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    Hmmm....I hadn't thought that it might be from the Cydectin. I was really reluctant to use it anyway, but the vet said that is what is working in our area right now. I talked to three other farmers "in goats" and theyare all using Cydectin sheep DRENCH (not pour on). So now we have ordered it and dosed everybody (except the preggo ones) and I am still not sure about it. It was expensive, too. UURGH!

    I have never given pen-g because I don't really like putting large amounts of chemicals in if I don't have to. Plus, I've got minis and usually use a 22 gauge needle for almost everything given SQ (because I don't like the huge stick - I'm a bit squeamish still. Maybe I'll get used to is as time passes) I will start with the Bio-Mycin in the morning. Hopefully that will clear it up. At least I will feel like I am doing something until Monday when I can actually get the vet out here.

    K, I had a doe on Draxxin in September when she had a trachial infection. I THOUGHT that it was the Draxxin that hadn't worked, but it was actually the 5 days of xenel (sp?) that didn't work. Then we did Draxxin and that helped, but MY WORD what a number it did on her stomach. It took probably another month to get her rumen up and running again. I REALLY hope we don't have to go down that road again.
  5. Jan 28, 2010
    Mini-M Ranch

    Mini-M Ranch Overrun with beasties

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    Ok, gave him the Bio-Mycin this morning. I first tried it with a 22 gauge needle. Not joking, his skin bent the needle! :ep I have never given him a shot before and was really surprised how thick skinned he is.

    The only other size I had on hand was 18, which I usually use to draw ivermec out of the vial. So I used that. He didn't even seem to notice. He didn't even move, just kept right on trying to eat the pocket off my jacket. lol.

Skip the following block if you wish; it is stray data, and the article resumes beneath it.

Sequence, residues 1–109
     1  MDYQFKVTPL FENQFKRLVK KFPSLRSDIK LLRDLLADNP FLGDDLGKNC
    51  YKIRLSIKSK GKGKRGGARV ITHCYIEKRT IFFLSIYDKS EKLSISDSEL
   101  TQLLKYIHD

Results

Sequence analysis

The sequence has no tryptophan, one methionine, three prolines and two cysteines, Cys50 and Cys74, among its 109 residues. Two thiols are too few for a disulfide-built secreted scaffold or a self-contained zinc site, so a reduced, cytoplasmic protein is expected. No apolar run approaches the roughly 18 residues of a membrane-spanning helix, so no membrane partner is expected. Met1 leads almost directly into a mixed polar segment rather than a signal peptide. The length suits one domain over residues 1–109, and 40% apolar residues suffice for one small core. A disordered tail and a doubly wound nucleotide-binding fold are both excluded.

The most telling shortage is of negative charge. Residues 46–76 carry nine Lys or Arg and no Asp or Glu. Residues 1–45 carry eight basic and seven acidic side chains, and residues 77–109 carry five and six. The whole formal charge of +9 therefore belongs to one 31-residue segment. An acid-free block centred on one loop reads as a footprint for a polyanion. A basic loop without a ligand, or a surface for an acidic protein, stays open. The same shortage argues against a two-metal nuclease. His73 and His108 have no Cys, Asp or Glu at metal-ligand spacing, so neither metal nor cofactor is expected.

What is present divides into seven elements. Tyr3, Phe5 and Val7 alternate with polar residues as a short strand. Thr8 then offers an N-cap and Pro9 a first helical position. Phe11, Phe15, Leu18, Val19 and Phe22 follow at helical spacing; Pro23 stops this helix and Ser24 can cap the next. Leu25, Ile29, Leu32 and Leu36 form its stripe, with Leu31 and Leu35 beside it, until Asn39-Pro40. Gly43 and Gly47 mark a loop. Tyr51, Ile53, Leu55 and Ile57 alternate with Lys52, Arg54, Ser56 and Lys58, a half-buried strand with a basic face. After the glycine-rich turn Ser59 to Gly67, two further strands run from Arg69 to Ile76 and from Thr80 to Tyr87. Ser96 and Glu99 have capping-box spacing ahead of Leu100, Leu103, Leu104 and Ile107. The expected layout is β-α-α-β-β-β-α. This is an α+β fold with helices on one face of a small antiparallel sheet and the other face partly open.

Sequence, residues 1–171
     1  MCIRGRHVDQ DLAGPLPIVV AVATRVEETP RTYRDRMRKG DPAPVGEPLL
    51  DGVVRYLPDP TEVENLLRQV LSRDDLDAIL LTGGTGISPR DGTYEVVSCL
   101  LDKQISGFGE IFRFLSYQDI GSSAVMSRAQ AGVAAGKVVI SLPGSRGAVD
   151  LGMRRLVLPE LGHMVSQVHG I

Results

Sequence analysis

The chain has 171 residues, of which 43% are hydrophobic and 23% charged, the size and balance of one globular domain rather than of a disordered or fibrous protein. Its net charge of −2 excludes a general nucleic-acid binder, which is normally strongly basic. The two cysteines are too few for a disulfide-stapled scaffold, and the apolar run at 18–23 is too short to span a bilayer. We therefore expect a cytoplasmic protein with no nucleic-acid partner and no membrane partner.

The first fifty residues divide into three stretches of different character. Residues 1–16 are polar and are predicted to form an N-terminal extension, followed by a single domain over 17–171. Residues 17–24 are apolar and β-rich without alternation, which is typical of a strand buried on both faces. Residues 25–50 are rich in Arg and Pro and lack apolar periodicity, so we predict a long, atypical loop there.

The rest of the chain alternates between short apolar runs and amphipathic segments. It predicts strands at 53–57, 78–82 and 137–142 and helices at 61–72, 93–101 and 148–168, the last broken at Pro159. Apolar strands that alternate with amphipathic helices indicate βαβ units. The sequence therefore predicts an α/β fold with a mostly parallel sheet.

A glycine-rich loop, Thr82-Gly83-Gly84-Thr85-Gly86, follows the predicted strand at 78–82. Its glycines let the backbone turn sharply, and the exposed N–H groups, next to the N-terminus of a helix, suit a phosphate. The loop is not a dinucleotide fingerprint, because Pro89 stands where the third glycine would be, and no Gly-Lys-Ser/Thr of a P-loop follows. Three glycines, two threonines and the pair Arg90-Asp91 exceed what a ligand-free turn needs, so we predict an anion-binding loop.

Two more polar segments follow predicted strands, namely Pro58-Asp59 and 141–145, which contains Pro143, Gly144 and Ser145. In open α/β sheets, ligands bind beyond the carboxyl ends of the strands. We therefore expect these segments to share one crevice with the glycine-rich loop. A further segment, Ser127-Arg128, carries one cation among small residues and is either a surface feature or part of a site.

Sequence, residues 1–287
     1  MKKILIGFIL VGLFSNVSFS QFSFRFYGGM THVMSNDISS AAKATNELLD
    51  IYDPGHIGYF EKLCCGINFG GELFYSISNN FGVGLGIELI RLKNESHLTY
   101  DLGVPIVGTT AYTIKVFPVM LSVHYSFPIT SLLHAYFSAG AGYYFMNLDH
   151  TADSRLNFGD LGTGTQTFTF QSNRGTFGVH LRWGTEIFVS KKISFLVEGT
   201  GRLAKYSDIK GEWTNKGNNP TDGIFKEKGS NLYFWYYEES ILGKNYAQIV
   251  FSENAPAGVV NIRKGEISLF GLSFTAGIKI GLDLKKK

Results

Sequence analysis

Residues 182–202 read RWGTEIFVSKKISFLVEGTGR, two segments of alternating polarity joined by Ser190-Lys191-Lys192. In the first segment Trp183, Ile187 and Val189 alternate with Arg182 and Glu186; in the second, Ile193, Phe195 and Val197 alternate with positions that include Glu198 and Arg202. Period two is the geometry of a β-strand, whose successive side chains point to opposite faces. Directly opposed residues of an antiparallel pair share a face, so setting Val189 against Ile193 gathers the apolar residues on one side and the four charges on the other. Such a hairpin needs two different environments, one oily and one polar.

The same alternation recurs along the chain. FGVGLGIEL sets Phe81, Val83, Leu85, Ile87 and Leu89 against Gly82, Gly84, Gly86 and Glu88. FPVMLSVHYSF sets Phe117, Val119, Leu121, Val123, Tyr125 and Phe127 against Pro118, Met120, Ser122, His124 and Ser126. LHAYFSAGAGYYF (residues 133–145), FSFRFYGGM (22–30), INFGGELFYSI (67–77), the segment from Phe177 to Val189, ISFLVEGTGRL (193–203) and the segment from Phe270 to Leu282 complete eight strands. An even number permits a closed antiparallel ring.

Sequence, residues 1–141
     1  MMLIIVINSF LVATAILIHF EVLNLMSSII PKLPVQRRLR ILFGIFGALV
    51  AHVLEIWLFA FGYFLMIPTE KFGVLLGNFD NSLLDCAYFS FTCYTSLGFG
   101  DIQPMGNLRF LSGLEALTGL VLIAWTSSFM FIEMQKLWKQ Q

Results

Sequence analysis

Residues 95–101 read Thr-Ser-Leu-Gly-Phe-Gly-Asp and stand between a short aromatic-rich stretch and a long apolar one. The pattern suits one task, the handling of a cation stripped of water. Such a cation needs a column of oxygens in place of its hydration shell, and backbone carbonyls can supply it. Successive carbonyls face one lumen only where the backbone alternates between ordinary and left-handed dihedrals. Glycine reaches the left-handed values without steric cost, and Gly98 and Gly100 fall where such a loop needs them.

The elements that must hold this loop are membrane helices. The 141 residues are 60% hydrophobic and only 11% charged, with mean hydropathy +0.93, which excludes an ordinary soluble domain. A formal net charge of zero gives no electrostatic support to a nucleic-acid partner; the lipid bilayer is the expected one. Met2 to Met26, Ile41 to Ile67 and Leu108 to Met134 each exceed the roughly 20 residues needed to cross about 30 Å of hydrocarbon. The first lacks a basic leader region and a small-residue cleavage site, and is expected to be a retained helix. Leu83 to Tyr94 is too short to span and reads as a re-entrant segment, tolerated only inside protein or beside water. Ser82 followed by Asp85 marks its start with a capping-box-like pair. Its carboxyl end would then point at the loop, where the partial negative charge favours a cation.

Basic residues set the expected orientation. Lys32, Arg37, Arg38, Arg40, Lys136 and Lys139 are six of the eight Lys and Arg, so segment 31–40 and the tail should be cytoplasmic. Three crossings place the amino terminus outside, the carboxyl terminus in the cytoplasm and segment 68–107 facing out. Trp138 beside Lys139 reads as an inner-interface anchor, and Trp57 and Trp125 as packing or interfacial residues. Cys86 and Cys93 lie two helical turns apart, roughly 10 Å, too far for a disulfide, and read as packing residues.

Hope it works. Thanks for the advice
  6. Jan 28, 2010
    cmjust0

    cmjust0 Loving the herd life

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    Are you, by any chance, SQing up around the shoulders or over the ribs close to the topline? I used to SQ there, but it's harder to "pinch and inch" up there, so to speak, and the hide seems much tougher.. That goes double for bucks.

    I generally give SQ's antibiotics in the "axillary space" now...at least I think that's what the area is called anyway. Basically, the looser skin just behind the shoulder, down about midway or maybe a little lower on the side. For the most part, they don't seem to mind shots as much when given in that area.

    The bad news is that if a shot does sting or cause them to become sore, they can act a little lame in that leg. Matter of fact, I just gave a doe a dose of dark, oxidized Bio-Mycin there the other day and she got REALLY mad at me.. The darker it is, the more it stings, and she came out of the hay feeder and stood in the corner for a while, picking her leg up and setting it back down.

    I felt really bad and I bought new Bio-Mycin after that.. :hide

    Generally speaking, though...it's a good site to inject antibiotics.

    Vaccines still go over the ribs, though, as they're more prone to cause soreness.